Fads fade – as they should – but why do some of cricket’s dizzying array of techniques, quirks and idiosyncrasies lead nowhere, despite their success?
Nobody has bowled – before or since – like SF Barnes, the man I would most like to have seen play in cricket’s history. Though many cricketers have been as bolshie (well, maybe not quite as bolshie) no bowler gets anywhere near his extraordinary figures sprawled over decades – sure they were different days, but why didn’t his contemporaries deliver those numbers too? Those who did see him describe Barnes as many bowlers in one – a quick, a seamer, a swinger and (this appears to be his most unique quality) a fast-medium spinner capable of ripping it both ways. With all the talk of Moeen Ali finding that bit of zip at 56mph that makes all the difference, has nobody – not even Jade Dernbach – attempted to rip the ball at 75 – 80mph (rolling won’t do)? Perhaps if Shahid Afridi had greater respect for his frightening physical attributes, he might have properly developed that kind of delivery as a stock ball, but I can think of no other bowler in my time who would even consider the option. SF Barnes leaves behind a remarkable record, but no legacy.
We have more empirical evidence of Jeff Thomson’s bowling action. Innocuous at first, just a hair-bouncing jog to the crease before unleashing – with a straight arm – something akin to a baseball pitcher’s fast ball, his right hand touching the turf as his body arched back, before the ball was rocketed at the batsman (and, occasionally, at the stumps). Of course, the action stressed the body – fast bowling does – but it did not break it and Thommo enjoyed a long career, albeit without that literally shocking pace of his 1974-75 breakthrough series. Perhaps the bowler who most resembles the terror of the Poms is fellow Australian, Shaun Tait, who has something of Thommo’s slingshot pace, but little of his brutal accuracy. Tait isn’t quite the real deal though – Thommo stood up as he released the ball, resisting the easier option of squatting a little and rolling away off the pitch, making his deliveries lift horribly off a length. Maybe today’s biomechanics boffins would not like such extreme contortions at the point of delivery, but maybe they would help too. Perhaps someone needs to find a few old youtube clips and have a go at emulating the man often credited with being the world’s fastest ever bowler.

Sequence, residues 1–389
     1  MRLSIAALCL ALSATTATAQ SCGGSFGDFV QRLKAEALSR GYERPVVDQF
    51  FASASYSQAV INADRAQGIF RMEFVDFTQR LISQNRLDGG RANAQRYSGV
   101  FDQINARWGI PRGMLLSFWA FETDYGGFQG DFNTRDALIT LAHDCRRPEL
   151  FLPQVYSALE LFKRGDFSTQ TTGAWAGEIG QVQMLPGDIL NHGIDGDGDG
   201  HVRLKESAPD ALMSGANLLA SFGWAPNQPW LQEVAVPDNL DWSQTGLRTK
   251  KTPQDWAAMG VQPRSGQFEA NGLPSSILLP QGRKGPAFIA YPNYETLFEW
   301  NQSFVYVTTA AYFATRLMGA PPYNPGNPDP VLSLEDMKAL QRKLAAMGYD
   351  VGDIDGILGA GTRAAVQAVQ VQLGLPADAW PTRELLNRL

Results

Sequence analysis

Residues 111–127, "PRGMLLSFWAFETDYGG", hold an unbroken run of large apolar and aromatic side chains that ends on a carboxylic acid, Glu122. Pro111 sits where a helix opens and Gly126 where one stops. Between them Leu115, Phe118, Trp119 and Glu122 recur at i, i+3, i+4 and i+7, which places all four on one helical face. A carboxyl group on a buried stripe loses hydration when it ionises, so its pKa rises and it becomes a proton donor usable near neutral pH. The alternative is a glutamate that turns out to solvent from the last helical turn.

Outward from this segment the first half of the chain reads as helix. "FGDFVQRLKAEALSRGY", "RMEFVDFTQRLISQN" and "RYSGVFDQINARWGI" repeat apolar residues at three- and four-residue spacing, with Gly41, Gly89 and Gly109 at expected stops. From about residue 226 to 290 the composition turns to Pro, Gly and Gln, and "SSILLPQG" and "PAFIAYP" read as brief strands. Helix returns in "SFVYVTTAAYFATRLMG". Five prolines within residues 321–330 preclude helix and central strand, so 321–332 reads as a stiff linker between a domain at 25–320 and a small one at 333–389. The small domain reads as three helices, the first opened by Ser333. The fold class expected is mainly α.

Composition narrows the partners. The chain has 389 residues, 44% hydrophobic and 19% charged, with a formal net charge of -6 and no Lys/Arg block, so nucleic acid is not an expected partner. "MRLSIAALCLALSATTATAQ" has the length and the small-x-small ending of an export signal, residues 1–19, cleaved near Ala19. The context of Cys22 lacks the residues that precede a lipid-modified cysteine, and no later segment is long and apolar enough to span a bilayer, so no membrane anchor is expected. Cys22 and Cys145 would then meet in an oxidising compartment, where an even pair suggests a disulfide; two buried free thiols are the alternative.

Mike Procter would have joined the great all-rounders of the 70s and 80s were it not for South Africa’s isolation – he had it in him to mirror Jacques Kallis’s figures, his bowling (just) outshining his batting. And no kid who grew up watching the BBC’s coverage of Gillette Cup cricket could ever forget the blond whirlwind who would hurtle into the crease before hurling the ball at the stumps. The action had something of Picasso’s cubism about it – routinely described as chest on and off the wrong foot, Procter appeared to give a 360 degree moving image to spectators, presenting his whole body at that moment of release. Add the billowing shirt and baying crowd and the poor batsman can barely have located the ball before it detonated the base of his stumps. There have been a few chest-on quicks since (Sylvester Clarke probably the sharpest) and a few wrong-foot merchants too (Chris Harris is probably still doing his thing in New Zealand even now) but no bowler has got near Procter’s “windmill in a hurricane” blur.